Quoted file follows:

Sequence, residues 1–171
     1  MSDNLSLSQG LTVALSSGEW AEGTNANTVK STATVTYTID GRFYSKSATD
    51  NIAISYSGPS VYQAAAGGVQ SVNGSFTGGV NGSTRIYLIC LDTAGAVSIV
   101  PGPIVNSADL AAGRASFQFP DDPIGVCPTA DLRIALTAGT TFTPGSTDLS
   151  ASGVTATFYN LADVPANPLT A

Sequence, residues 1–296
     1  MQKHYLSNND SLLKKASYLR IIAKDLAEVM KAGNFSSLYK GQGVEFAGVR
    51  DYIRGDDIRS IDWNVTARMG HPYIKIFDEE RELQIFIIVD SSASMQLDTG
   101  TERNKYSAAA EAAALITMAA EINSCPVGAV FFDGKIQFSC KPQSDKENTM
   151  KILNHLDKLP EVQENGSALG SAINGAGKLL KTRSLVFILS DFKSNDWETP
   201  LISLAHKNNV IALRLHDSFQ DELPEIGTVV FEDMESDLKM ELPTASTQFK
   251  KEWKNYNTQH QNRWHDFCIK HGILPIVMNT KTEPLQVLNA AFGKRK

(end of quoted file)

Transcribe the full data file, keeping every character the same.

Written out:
Sequence, residues 1–171
     1  MSDNLSLSQG LTVALSSGEW AEGTNANTVK STATVTYTID GRFYSKSATD
    51  NIAISYSGPS VYQAAAGGVQ SVNGSFTGGV NGSTRIYLIC LDTAGAVSIV
   101  PGPIVNSADL AAGRASFQFP DDPIGVCPTA DLRIALTAGT TFTPGSTDLS
   151  ASGVTATFYN LADVPANPLT A

Sequence, residues 1–296
     1  MQKHYLSNND SLLKKASYLR IIAKDLAEVM KAGNFSSLYK GQGVEFAGVR
    51  DYIRGDDIRS IDWNVTARMG HPYIKIFDEE RELQIFIIVD SSASMQLDTG
   101  TERNKYSAAA EAAALITMAA EINSCPVGAV FFDGKIQFSC KPQSDKENTM
   151  KILNHLDKLP EVQENGSALG SAINGAGKLL KTRSLVFILS DFKSNDWETP
   201  LISLAHKNNV IALRLHDSFQ DELPEIGTVV FEDMESDLKM ELPTASTQFK
   251  KEWKNYNTQH QNRWHDFCIK HGILPIVMNT KTEPLQVLNA AFGKRK